I bought a Death album, For The Whole World to See, after hearing the track, ‘Politicians In My Eyes’, somewhere on the internet, probably Aquarium Drunkard, a couple of years or so ago. I didn’t know anything about them other than that they were black punk rockers from Detroit. I don’t think it’s merely coincidence that great rock comes from poor places. Lo and behold a movie was released this year, A Band Called Death. The band was 3 brothers, David, Dannis and Bobby. They’d practice their classic rock influenced loud rock after school, driving the neighbors nuts. The band was initially called Rock Funk Fire Express. They were influenced by likes of Pete Townsend, Jimi Hendrix and Todd Rundgren. David Hackney was driven and uncompromising in his vision of naming the band Death after his father died. They reached a point where they could’ve gotten a 20K record deal if they changed the name. David did not budge, so the recordings went to the attic. This film was about many things for me. Mostly it was about family loyalty and brotherhood but also about dogged persistence and sticking firm to your vision whether you “succeed” or not. It’s so important for people who make things to defend what they make from those who might want to ‘taint the waters’ for the sake of a buck. They made 2 gospel rock albums in Vermont as The 4th Movement before David moved back to Detroit. Dannis and Bobby went on playing without David in their reggae band Lambsbread. David died of lung cancer. The master tapes were discovered by Bobby Hackney Sr.s kids, Julian, Urian, and Bobby Jr. The kids formed a band called Rough Francis and covered Death songs. Meanwhile Bobby Sr. and Dannis reformed Death to support the release (after 30 years) of For The Whole World to See.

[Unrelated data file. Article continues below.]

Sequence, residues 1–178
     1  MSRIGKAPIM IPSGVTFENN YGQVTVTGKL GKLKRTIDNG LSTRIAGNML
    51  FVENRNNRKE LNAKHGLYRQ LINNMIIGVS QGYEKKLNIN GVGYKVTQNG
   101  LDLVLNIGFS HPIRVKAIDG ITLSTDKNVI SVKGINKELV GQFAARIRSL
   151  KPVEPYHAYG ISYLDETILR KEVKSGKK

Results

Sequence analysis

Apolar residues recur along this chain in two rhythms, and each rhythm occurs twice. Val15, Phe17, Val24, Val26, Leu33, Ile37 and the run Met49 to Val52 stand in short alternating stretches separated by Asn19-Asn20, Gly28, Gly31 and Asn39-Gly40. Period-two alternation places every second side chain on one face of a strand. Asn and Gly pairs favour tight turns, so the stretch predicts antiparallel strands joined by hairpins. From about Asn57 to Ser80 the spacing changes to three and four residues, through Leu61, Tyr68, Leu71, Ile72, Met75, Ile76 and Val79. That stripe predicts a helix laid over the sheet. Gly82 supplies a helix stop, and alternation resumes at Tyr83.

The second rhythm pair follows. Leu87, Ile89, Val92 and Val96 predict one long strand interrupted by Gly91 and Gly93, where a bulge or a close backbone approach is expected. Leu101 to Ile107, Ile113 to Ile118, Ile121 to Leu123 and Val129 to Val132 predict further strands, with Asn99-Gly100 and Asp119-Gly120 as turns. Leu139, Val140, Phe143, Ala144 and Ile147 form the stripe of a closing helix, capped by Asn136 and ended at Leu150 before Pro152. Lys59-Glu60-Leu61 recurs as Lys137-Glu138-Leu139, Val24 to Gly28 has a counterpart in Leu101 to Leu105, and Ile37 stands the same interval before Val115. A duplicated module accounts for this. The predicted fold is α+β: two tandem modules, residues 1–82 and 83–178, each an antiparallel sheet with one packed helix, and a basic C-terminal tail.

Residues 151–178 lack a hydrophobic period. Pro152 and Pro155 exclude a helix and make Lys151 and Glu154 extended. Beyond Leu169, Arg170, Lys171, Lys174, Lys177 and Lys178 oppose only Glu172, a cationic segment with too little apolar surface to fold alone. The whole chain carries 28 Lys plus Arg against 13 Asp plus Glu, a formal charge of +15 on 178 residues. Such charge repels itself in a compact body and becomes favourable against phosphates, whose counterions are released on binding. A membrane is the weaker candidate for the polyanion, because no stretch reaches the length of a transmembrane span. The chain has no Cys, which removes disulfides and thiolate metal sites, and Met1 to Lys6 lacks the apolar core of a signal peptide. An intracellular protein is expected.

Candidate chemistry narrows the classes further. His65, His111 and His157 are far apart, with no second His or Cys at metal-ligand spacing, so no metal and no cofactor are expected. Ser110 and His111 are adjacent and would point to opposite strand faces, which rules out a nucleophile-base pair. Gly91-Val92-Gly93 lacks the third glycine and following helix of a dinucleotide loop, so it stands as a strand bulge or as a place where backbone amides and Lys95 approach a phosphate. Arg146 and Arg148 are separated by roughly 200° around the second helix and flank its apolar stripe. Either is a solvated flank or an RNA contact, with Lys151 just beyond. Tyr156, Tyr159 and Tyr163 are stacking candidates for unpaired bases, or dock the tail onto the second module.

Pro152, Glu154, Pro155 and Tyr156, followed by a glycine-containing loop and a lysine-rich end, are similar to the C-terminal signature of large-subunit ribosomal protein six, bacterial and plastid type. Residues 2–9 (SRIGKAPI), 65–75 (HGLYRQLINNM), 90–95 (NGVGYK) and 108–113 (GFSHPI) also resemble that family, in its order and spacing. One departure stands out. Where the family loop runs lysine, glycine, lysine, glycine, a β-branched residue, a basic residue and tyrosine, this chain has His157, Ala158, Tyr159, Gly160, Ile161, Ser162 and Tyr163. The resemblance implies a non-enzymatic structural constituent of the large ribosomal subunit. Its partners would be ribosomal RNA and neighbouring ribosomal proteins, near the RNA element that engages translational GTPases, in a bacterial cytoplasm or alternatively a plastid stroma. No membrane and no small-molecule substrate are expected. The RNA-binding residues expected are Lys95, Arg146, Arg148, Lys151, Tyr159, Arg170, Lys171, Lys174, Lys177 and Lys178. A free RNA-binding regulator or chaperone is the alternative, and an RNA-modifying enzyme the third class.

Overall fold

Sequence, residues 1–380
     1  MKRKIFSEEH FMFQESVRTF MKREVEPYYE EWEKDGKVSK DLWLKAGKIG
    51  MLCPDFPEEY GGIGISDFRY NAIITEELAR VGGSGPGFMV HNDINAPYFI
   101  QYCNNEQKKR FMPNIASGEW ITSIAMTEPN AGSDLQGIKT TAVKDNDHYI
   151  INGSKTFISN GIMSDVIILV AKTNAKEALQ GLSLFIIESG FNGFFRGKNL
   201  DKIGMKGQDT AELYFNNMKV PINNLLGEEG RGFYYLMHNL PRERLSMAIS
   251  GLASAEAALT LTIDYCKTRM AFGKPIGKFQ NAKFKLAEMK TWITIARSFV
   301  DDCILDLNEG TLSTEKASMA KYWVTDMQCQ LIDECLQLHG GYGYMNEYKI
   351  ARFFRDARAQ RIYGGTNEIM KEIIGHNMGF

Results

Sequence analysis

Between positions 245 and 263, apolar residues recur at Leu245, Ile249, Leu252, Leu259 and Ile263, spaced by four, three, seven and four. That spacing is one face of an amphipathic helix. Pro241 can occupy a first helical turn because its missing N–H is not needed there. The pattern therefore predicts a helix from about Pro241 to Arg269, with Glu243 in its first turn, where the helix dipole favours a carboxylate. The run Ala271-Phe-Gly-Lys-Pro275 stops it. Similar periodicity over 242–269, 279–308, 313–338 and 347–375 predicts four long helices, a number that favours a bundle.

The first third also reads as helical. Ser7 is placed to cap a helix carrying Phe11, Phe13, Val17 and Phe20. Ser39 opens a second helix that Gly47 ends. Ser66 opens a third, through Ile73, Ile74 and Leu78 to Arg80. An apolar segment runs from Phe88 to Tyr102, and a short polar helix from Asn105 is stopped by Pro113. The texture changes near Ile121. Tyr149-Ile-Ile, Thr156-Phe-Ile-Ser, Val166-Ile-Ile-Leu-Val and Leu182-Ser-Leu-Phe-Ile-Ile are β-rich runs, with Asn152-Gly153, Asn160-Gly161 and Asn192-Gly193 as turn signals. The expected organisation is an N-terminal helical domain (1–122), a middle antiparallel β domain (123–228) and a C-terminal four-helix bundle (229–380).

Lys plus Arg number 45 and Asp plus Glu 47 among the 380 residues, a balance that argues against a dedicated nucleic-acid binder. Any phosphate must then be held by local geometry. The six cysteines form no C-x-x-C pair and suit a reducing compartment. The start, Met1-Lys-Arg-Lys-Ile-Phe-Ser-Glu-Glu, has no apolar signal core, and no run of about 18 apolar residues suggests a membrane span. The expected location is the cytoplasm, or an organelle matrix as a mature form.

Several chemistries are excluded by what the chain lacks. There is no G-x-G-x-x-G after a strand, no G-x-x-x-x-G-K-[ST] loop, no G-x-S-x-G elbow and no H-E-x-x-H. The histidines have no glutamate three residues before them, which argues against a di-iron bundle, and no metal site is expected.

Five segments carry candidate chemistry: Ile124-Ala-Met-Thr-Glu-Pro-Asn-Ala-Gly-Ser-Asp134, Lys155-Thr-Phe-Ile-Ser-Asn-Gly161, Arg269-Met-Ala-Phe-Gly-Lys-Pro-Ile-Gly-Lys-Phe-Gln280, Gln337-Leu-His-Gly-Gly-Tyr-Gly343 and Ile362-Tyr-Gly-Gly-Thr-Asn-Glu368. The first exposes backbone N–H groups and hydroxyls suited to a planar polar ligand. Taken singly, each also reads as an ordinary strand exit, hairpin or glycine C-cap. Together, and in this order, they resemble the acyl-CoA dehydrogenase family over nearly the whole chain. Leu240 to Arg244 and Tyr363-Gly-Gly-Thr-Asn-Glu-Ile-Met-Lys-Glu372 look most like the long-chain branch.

In this regard the Death movie is victorious because the revived music goes on and not only with 2 of the original members but their kids as well. So it felt hopeful whereas the Big Star movie felt a little like an epitaph, a memorial but it is still so beautiful. A Band Called Death was amazingly clear. One central thing these films have in common is a particular person, a figure, the driving force, the uncompromising visionary Chris Bell of Big Star and David Hackney of Death. Both were religious and maybe more specifically, more importantly to their creations, spiritual.

Have good listens folks! Oh hey, pitchfork has a review of the Big Star soundtrack but if you’re curious you really should just get those albums!